Title: The Beginning of Everything
Author: Robyn Schneider
Genre: Young Adult | Contemporary
Synopsis: Golden boy Ezra Faulkner believes everyone has a tragedy waiting for them—a single encounter after which everything that really matters will happen. His particular tragedy waited until he was primed to lose it all: in one spectacular night, a reckless driver shatters Ezra’s knee, his athletic career, and his social life. No longer a front-runner for Homecoming King, Ezra finds himself at the table of misfits, where he encounters new girl Cassidy Thorpe. Cassidy is unlike anyone Ezra’s ever met, achingly effortless, fiercely intelligent, and determined to bring Ezra along on her endless adventures. But as Ezra dives into his new studies, new friendships, and new love, he learns that some people, like books, are easy to misread. And now he must consider: if one’s singular tragedy has already hit and everything after it has mattered quite a bit, what happens when more misfortune strikes?
Final Rating: ★★★☆☆
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When I think about this book, the first thing that comes to mind is the very first chapter. It is written with such poise, with such strong voice and wit and intrigue that I just can’t get it out of my head. I went into this book with no expectations whatsoever, but after reading the first chapter, I sunk into my blankets a little deeper, and thought to myself, “Oh, this is going to be good.”
Unfortunately, the book itself didn’t manage to live up to its extremely strong beginning. I didn’t connect with any of the characters, I thought the story to be uninspiring, and I felt that the writing was very flat throughout most of the novel. I don’t know what it was with the extremities of this book that added that extra star to my actual rating; the first chapter and the last chapter were so meticulously fabulous that I just had to add that star.
I didn’t have any serious issues with the plot itself, to be honest. It just wasn’t something I would particularly recommend. I don’t know where it falls in a category because sometimes, I felt it was all over the place. I think the protagonist’s “tragedy” of never being able to play tennis again, or never being able to walk properly again, was already such a huge deal that to add a romance on top of it and certain mysteries and drama was a little too much. It began to feel like a cry to be acknowledged as a complex story with several plot-lines, but it was too short to actually carry out the several story-lines that were introduced.
I would have liked it a lot more if Robyn Schneider had focused on Ezra’s life disintegrating, rather than him moving on. If she had focused on how he lost his friends, or how it was like before his accident, rather than focusing on his moving on, I feel like we would’ve gotten a lot more with regards to his development, and it would have benefited the story tremendously. Perhaps his integration into his new group could be slow and gradual rather than just BAM you’re one of us! Meh.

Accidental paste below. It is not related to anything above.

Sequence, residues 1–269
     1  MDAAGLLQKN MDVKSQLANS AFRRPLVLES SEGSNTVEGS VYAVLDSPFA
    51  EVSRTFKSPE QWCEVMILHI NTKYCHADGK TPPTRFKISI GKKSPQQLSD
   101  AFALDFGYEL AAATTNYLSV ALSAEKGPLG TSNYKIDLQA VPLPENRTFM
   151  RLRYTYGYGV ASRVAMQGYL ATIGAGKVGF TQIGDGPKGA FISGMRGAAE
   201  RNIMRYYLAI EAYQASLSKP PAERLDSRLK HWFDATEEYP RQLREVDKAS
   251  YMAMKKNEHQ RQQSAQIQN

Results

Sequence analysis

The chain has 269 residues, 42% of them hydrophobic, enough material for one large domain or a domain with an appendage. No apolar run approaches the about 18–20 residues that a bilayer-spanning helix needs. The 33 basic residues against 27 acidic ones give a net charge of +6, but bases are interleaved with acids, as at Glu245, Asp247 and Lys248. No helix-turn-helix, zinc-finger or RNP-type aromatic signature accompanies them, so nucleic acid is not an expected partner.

I enjoyed the fact that nothing super happy happens in this book. When it comes to young-adult contemporaries, we’ve begun to have this view that most of them are happy-go-lucky, light, fluffy reads where everything turns out right and the sun is always shining at the end and it’s beautiful and wonderful and rainbows sparkles and unicorns. I don’t like that, for the most part because it’s unrealistic. A novel ends with everything sorted out, but that’s not how life works. Where one part sorts itself out, another part of your life continues to be a fuck-up (excuse my French.) Life is messy, and trivializing life’s messiness makes a novel unrealistic. While there are certain happier moments in this novel, some things are still left unresolved. And I’m fine with it. It’s not a happy ending, because several things go down that are never really solved properly, and that’s how life is, because sometimes you just don’t know what ever happened. While you do get closure, it’s not overbearing or pretentious.
Also, bonus points for the Harry Potter and Doctor Who references.
I mentioned earlier that I didn’t connect with the characters. See, it’s not that I didn’t like any of the characters- it’s just that their mannerisms and behaviors were so unknown to me. We have a group of people who are total geeks, smart-asses yet are all on the debate team. I don’t like a lot of geeky stuff, no matter how hard I try. I’m fairly smart, but I think debating is a nightmare for me because of my slight social anxiety. So, I barely had anything in common with the characters, and a lot of them seemed the same to me. They didn’t have distinctive voices or individual personalities, really. It bothered me. I can’t even remember half the names.
I don’t think any of the characters developed at all. I think if the story would have shifted back a little on the timeline, there would have been a lot of scope for development, but alas, there wasn’t.
Robyn Schneider has a gift when it comes to writing with a strong voice, and that is crystal clear and the first and last chapters in the book. I know, as a reader and writing student, that sometimes it is tremendously hard to maintain a voice throughout a piece, especially if said piece is a three-hundred pages or so book. But if Schneider had put more time and attention on the voice of the protagonist, I feel like it would have done heaps for the novel.
Would I recommend? I feel that if you liked “A Little Something Different” by Sandy Hall, you might enjoy this because the writing and tone is similar.